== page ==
Mystie: Alright, well, welcome to the first episode of season 11. This season I’m going to be recording some past book review posts from Simply Convivial, so I thought it’d be fun for Virginia Lee and I to do some quick book recommendations for the first episode. Hey, Virginia Lee.
Virginia Lee: Hey, Mystie. Good morning.
Mystie: So, we both brought two books to recommend and not necessarily very favorites, but just ones that we thought were good to recommend that might be helpful and that have been helpful for us.
Virginia Lee: Well, I think that’s helpful because especially with homeschool moms, you know, we’re all readers. So, if it’s the same recommendations that you can get anywhere else it’s nice to have the recommendations that you haven’t heard of or that you’ve only heard a little bit about. And, then you can buy a new book. So, which ones did you pick, Mystie?
Mystie: So, the first one I picked was, The Art of Teaching by Gilbert Highet.
Virginia Lee: You know, I have heard of that because Cindy Rollins had recommended that also.
Mystie: Yes. I’m pretty sure that’s why I bought it at first, and you know, it’s one of those ones that then sat on my shelf for forever. It was written in 1950. It is about teaching in a time where the scientific materialistic vision was really gaining traction, and really the whole thing is about the human aspect; learning is the child/student bringing himself to bear and teaching is the teacher bringing himself. And, one of the sections I have marked, “That’s why it’s exhausting. It is legitimately exhausting to teach, and this is why, so just expect it.”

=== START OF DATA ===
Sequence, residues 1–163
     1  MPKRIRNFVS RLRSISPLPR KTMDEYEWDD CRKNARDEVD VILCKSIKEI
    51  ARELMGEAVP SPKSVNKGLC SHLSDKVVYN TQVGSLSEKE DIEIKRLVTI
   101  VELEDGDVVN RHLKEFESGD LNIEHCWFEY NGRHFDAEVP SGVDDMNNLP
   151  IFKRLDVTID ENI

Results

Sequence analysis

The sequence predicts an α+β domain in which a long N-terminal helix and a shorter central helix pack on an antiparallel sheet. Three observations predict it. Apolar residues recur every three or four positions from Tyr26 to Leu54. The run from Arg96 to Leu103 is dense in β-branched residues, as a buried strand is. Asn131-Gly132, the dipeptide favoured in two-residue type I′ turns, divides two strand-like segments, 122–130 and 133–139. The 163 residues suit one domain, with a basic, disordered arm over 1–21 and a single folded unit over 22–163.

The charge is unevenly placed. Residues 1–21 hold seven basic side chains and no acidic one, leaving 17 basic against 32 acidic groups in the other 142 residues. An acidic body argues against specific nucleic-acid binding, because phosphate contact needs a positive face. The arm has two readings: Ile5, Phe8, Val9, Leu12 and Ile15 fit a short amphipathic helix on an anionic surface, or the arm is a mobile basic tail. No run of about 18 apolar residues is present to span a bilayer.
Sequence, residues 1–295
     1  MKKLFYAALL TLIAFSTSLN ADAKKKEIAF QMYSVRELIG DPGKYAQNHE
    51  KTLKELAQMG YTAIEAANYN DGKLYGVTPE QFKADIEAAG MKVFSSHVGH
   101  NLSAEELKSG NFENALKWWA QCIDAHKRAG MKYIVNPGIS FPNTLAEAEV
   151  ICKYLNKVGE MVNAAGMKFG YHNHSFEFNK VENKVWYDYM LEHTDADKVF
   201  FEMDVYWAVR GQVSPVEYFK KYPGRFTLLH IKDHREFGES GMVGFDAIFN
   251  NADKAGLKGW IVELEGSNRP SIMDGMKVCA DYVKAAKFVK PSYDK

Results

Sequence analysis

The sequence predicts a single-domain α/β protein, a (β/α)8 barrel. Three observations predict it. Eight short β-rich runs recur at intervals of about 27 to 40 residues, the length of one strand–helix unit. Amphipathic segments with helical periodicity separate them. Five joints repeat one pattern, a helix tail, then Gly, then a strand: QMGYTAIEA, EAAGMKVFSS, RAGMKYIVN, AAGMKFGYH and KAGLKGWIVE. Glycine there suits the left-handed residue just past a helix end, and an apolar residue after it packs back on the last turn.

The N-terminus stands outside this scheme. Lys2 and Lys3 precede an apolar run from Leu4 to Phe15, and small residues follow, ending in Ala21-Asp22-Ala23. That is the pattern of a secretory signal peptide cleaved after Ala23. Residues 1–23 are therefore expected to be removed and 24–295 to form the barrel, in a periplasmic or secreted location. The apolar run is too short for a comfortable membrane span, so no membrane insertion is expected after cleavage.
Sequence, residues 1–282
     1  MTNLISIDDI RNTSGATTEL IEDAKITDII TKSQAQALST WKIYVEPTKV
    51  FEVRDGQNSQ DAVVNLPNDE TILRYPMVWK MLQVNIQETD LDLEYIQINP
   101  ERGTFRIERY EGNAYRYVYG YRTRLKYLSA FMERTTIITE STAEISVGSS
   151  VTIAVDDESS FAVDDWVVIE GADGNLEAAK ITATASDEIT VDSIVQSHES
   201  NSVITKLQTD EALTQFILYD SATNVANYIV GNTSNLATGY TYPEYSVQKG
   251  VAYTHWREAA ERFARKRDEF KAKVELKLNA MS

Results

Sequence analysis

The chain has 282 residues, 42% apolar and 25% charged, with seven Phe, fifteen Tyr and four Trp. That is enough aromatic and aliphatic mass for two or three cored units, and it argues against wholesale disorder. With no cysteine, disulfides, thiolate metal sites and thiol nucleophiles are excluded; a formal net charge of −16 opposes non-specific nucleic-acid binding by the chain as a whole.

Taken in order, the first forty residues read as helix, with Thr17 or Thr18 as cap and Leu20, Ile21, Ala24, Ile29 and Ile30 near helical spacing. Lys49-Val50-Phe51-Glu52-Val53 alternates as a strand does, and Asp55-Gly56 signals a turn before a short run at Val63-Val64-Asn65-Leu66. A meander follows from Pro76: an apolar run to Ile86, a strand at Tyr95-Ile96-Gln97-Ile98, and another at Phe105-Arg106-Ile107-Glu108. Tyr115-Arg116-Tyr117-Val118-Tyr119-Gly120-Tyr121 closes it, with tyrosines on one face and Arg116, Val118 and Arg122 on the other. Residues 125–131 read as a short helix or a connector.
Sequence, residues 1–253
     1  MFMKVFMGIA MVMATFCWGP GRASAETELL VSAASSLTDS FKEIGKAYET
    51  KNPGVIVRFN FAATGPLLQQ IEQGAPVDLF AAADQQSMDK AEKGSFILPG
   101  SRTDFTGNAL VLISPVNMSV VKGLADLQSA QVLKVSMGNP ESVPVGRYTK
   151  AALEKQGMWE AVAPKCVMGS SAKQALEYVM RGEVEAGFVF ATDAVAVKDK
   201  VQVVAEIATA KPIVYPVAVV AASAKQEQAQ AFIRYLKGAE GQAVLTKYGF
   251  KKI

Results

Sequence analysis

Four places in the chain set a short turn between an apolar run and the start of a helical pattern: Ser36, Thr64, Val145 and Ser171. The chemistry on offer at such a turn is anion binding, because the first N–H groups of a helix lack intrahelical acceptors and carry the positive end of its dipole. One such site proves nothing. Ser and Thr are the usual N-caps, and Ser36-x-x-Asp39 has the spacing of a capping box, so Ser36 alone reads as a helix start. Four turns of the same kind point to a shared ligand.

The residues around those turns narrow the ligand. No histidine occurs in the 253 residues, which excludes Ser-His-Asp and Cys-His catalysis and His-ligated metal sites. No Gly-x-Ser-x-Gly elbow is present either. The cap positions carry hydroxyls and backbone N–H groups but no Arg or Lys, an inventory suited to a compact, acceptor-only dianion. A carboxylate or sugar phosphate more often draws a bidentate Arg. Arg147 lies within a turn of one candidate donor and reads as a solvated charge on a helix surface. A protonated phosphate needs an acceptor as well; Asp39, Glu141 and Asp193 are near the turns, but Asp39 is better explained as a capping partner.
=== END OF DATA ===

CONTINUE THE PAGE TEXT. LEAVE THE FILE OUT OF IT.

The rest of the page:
Virginia Lee: And that’s good because I think sometimes we can go around in our minds thinking, ‘OK, how can I make this not [this] way? It shouldn’t be like [this], I’m doing something wrong.’
Virginia Lee: And, it’s good to just know, “No, that makes sense.”
Mystie: You’re not doing something wrong because you’re tired at the end. You’re doing something right.
Virginia Lee: So then it’s like, ‘I’m still tired but man it’s a weight off my shoulders.’ Oh, wonderful. I’m going to have to write this down. That’s very interesting, and I like that it really talks to us as the teacher, because a lot of education books that we read are really focusing on stuff with the children also.
Virginia Lee: And, you’re not necessarily getting what the posture of the teacher is, quite as much.
Mystie: So, this quote is on the back of my book, and I thought it was so good. So, he says, “Teaching is not like inducing a chemical reaction: it is much more like painting a picture or making a piece of music, or on a lower level like planting a garden or writing a friendly letter. You must throw your heart into it, you must realize that it cannot be done all by formulas or you will spoil your work, and your pupils, and yourself.
Virginia Lee: That’s beautiful.
Mystie: So, how about you? What’s one of your books?
Virginia Lee: One of mine is Consider This by Karen Glass. And, it was just a turning point in my mind of really putting together the synthetic learning and the analytical learning, and how those work and build on each other. So, it’s just huge for me in that way. Part of her book is just going back to the classical tradition, showing how Charlotte Mason is classical, and how education has its roots in that history, and going through it. She speaks on humility as a teacher and as a student, and that’s all wonderful, but I don’t know that that’s necessarily new to everyone. The biggest part to me that I felt like Karen did so amazingly is explain synthetic learning and analytical learning.